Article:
On September 30, 2011, the dome and bell of St George Coptic Church in Edfu were burnt to the ground. Hence, the 8 million Coptic Christians in Egypt have a litany of reasons to feel more vulnerable than ever in their own homeland.

The anti-Christian embers spread across the border to Libya, where a Coptic church was bombed near Misrata on December 30, 2012. Another Coptic church was attacked by armed Muslim militants in Benghazi on 28 February 2013.

In Syria, over 300,000 Christians have already fled in fear as foreign jihadists terrorise the ‘infidels’ in pursuit of a Salafist state. Saudi sheiks subsidise these salafists even though this US-ally has no churches to bomb as they are prohibited.

On April 22, 2013, two Orthodox bishops were kidnapped by armed men from Kafr Dael, a rebel-controlled area in Syria. Bishop Yohanna Ibrahim, head of the Syrian Orthodox Church and Bishop Boulos Yazigi, head of the Greek Orthodox Church, remain missing. During her first visit to Australia last October, peace activist Mother Agnes Mariam declared that that the foreign infiltration of Syria harbors a “a hidden will to empty the Middle East of its Christian presence.” The sectarian strife is now spilling over from Syria into Lebanon, where Christians are already a shrinking minority of about 34 per cent compared with the last census in 1932 when they constituted half the population.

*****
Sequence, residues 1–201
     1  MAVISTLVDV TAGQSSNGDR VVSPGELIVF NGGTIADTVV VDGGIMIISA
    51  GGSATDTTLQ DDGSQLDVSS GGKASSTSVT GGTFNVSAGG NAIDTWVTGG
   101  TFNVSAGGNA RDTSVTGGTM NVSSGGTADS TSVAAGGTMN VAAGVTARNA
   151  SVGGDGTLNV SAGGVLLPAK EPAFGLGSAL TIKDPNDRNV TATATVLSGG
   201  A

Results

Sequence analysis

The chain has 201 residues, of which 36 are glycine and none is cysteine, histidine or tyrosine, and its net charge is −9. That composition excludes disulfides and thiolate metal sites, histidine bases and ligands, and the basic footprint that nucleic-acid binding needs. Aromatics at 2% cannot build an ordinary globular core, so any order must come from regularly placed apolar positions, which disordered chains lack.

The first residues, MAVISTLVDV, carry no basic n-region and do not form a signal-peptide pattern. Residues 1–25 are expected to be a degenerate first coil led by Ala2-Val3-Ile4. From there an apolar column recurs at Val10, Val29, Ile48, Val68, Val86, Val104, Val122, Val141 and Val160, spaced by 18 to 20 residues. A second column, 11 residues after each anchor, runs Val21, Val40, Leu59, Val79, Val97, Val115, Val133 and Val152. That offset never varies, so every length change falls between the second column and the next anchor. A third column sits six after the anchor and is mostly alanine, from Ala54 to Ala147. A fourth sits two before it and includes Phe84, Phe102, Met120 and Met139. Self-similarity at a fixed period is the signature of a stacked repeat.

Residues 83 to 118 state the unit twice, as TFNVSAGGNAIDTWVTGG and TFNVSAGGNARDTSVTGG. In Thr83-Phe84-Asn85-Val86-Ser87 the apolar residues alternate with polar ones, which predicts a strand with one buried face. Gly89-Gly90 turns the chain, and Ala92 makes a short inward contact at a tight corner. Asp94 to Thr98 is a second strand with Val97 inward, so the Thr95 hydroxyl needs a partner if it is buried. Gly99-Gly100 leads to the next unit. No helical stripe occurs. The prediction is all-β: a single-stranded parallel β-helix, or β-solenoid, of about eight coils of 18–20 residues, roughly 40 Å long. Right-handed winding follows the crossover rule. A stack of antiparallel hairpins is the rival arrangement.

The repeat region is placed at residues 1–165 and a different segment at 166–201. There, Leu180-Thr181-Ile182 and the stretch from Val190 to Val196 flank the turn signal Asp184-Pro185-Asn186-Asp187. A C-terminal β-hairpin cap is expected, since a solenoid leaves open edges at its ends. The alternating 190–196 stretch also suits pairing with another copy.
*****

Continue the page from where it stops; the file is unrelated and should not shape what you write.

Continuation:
In his timely book ‘Christianophobia’, British journalist Rupert Shortt highlighted the plight of Christian minorities in seven Muslim-majority countries. He warns that the eradication of Christians from their biblical heartland may be a ‘blind spot’ for those who are distracted by the ‘Arab Spring.’ He posits that their persecution is magnified by anti-Americanism and the false belief that Christianity is a ‘Western creed’

Indeed, Christian minorities may have become scapegoats and held to ransom for the ‘crusade’ declared by US president George W Bush during the ‘war on terror.’ Many of the anti-Christian attacks in Arab lands have been ‘justified’ as revenge for anti-Muslim attacks by Christians in the West, such as Florida pastor Terry Jones who burnt the Koran in 2011.

It is the height of arrogance to laud Arab societies for ‘importing’ western ideologies of democracy, when in fact the new generation of Arabs have their own aspirations and ideologies. Ironically, it is the importing of ideologies of theocracy from US-allied Gulf states that has hijacked the pro-democracy uprisings, but rarely registered on the Western radar. Indeed, it is these ideologies of sectarian supremacy, rather than Islam or Muslims per se, that pose the biggest threat of extinction to the indigenous Christians.

If the Christian Arabs were an endangered species of whales, there would be collective outrage, rescue efforts and intervention by the International Court of Justice.

Joseph Wakim established the Streetwork Project for exploited children in Adelaide Australia in 1986, was appointed Victorian Multicultural Affairs Commissioner in 1991, and founded the Australian Arabic Council in 1992.